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An essential compilation of Greek literature Aristophanes (446-386 BCE), Plutus...

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An essential compilation of Greek literature
Aristophanes (446-386 BCE), Plutus and The Clouds; Euripides (c.480-406 BCE), Hecuba and Orestes; Hesiod (c.750-650 BCE), Works and Days, in Greek, manuscript on paper [Crete?, second half 15th century]
An essential compilation of Greek literature: two plays by the Father of Comedy, Aristophanes; two by the greatest of Ancient tragedians, Euripides; and Hesiod's Works and Days, one of the earliest extant Greek didactic poems. In its contemporary Cretan binding.
203 x 130mm. 227 leaves, collation: 14, 27 (of 8, lacking i), 3-128, 134, 147 (of 8, i a cancelled blank), 15-168, 176 (of 8, i-ii cancelled blanks), 187 (of 8, viii a cancelled blank), 19-258, 2610, 277 (of 8, i a cancelled blank), 28-298, 307 (of 8, viii a cancelled blank), modern foliation 1-227 followed here, 15 lines written in a Greek minuscule in brown ink by several scribes, two lines of musical notation on f.56 (see below), some headings in red, scholia of Thomas Magister, Manuel Moschopoulos, and other Byzantine commentators, additions, marginal and interlineal glosses throughout, scribbles, doodles and sketches, including of faces, dancing figures, fish, birds and board games on ff.69, 94v-96 and 196v-197, a few notes in Latin, gathering signatures survive, watermarks versions of Briquet 14872, 6053, and 2563, see Provenance (lacking 1 leaf of text, else apparently complete, dampstaining throughout especially affecting gutter and inner margin, thumbed and stained, final blank leaves frayed and wormholed).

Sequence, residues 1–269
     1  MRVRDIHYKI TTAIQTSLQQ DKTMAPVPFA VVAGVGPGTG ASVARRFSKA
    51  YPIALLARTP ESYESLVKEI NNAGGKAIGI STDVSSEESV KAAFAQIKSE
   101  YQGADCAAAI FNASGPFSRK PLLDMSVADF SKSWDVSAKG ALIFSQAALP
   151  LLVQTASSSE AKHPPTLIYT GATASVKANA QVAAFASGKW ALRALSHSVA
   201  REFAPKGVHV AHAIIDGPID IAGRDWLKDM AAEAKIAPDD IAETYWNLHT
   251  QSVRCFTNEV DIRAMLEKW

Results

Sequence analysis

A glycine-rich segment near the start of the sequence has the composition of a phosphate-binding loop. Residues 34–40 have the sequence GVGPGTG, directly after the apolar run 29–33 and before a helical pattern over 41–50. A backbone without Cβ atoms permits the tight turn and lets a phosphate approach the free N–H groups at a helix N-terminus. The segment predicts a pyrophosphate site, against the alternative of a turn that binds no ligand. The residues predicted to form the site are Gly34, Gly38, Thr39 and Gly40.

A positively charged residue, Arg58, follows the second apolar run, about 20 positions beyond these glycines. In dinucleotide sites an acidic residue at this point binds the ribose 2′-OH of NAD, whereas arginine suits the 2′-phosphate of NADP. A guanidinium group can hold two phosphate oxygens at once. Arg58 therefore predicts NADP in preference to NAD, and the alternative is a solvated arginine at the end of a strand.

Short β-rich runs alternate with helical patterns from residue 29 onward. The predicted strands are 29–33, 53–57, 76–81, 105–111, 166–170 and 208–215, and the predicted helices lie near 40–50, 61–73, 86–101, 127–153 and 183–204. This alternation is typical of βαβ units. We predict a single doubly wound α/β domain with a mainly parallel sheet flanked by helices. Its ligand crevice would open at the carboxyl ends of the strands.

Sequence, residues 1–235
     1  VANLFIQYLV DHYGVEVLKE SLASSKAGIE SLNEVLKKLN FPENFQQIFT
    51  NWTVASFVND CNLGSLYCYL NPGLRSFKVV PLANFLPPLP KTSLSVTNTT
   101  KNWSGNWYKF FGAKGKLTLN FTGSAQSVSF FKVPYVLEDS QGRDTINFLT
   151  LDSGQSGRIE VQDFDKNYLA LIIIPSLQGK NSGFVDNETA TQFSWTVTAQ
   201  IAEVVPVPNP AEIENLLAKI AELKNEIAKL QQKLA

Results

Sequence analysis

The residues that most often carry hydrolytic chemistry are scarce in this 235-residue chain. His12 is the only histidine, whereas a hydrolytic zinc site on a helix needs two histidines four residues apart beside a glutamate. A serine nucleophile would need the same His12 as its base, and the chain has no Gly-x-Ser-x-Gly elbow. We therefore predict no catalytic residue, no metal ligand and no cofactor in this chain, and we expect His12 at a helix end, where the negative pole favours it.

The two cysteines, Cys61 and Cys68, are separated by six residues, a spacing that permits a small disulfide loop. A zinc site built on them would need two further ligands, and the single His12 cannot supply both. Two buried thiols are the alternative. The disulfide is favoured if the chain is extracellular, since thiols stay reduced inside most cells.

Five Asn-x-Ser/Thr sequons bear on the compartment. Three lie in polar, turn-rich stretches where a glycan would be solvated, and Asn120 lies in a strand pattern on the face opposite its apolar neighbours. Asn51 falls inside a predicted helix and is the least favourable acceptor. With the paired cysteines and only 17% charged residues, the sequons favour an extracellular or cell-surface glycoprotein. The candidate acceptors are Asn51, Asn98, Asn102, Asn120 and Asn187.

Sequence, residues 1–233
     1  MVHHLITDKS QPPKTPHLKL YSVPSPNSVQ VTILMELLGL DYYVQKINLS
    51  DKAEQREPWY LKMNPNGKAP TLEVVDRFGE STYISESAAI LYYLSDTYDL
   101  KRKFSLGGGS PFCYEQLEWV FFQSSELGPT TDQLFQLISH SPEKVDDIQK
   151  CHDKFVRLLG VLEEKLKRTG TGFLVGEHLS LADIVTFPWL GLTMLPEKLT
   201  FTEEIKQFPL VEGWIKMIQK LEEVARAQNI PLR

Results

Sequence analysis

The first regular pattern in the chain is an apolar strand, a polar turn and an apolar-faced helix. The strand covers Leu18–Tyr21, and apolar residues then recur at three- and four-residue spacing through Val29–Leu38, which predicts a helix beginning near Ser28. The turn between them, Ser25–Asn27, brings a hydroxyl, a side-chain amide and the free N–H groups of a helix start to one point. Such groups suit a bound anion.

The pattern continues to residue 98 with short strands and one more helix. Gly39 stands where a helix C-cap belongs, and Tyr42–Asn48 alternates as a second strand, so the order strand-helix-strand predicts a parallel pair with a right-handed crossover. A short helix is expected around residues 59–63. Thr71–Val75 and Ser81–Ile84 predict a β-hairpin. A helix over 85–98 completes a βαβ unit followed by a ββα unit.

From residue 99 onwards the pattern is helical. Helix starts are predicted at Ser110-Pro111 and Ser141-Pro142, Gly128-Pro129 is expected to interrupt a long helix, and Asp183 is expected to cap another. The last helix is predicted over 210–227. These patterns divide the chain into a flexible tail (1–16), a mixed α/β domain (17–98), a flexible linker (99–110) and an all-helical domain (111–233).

Binding:
Contemporary blind-stamped Byzantine binding of leather over thick wooden boards, Byzantine linked sewing and endbands, two brass pins projecting from edge of upper cover, remnants of leather clasps surviving on outer lower board, with corresponding knotted leather splits emerging on the inside (worn and rubbed, edges scuffed, spine partly defective and flapping open to reveal hessian lining underneath). In a fitted box.